OFFICIAL REPORT: "Inquiry into the public health strategies related to cannabis use and the most appropriate legal status"
Report of the Health Committee
Forty-Seventh Parliament, New Zealand Aug. 2003, Steve Chadwick, Chairperson Presented to the New Zealand House of Representatives
Background: "In 1998, the Health Committee of the 45th Parliament conducted an inquiry into the mental health effects of cannabis, and made 18 recommendations to the Government. One recommendation suggested that the Government review the appropriateness of existing policy on cannabis and its use and reconsider the legal status of cannabis.
Partly in response to this, in late 2000 the Health Committee of the 46th Parliament resolved to initiate an inquiry into public health strategies related to cannabis use and, as a result, the most appropriate legal status."
Mission Statement/Terms of Reference: "To inquired into the most effective public health and health promotion strategies to minimise the use of and harm associated with cannabis and consequently the most appropriate legal status of cannabis."
Recommendations to the Government [New Zealand] related to the medicinal use of cannabis:
"that the Expert Advisory Committee on Drugs give a high priority to its reconsideration of the classification of cannabis." (Page 49 of report)
that it pursue the possibility of supporting the prescription of clinically tested cannabis products for medicinal purposes. (Page 57 of report)
"that it ensure provision of harm reduction information designed to minimize lung damage resulting from the smoking of cannabis." (Page 21 of report)
Discussions of medical use are found more specifically on pages 54-57. Following are some excerpts from this discussion:
"We believe that the issue of medicinal use should be dealt with independently from the legislation regulating general use, so have chosen to separate this section in the report."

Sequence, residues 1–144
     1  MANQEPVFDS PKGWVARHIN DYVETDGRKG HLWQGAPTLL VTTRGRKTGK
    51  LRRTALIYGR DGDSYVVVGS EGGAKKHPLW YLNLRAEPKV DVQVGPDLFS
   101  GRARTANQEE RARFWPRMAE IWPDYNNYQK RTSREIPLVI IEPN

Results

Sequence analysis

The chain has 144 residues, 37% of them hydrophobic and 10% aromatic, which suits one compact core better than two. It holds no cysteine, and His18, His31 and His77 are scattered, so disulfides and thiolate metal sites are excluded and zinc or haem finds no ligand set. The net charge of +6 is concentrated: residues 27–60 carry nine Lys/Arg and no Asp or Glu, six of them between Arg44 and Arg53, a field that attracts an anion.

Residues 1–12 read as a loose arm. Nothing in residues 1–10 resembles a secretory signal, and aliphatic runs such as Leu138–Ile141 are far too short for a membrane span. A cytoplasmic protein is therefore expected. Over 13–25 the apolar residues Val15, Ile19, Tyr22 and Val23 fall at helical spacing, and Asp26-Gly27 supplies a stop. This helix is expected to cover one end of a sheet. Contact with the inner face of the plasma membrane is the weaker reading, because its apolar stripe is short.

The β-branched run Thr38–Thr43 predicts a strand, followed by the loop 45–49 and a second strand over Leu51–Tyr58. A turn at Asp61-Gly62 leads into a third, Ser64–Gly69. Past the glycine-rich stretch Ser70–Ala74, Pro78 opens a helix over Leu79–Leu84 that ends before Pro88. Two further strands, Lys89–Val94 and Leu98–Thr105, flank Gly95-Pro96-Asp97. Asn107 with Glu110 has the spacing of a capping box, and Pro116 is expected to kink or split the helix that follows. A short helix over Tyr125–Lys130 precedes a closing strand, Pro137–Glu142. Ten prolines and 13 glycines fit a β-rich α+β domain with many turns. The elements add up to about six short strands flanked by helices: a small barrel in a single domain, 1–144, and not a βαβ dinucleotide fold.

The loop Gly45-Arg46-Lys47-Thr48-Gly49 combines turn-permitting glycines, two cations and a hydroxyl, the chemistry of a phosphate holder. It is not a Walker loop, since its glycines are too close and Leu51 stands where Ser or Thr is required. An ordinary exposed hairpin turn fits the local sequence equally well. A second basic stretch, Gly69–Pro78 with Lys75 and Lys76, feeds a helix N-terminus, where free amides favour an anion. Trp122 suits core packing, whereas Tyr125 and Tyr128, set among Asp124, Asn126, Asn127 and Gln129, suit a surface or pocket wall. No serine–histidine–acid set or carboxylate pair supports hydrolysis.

"Cannabis has been shown to be effective in providing relief for some medical disorders, and this option is consistent with the United Nations drug conventions.
"There is evidence that cannabinoids [active ingredients in marijuana] may be useful as anti-nausea agents, as appetite stimulants in patients with AIDS-related wasting, as anti-spasmodic agents in neurological disorders such as multiple sclerosis, and as analgesics for pain that is unrelieved by existing analgesics."
"There is a difference between a pharmaceutical form of cannabis preparation and raw cannabis plant material. A standardised cannabis cigarette or other cannabis plant product might theoretically be able to be approved for prescription for research or study, if it is manufactured to the standards required under the Medicines Act. The Ministry of Health does not support the use of raw cannabis plant for medicinal purposes, as there are no controls over its quality, dose or effectiveness."
"The Medicines Act and the Misuse of Drugs Act both contain exemptions that would enable a doctor to lawfully prescribe or administer cannabis, a controlled drug, to a patient, provided ministerial approval is given. There is provision in the law for medical practitioners to prescribe cannabis for their patients without the need for cannabis being gazetted as an approved medicine."
To see the full report, in pdf format, click here.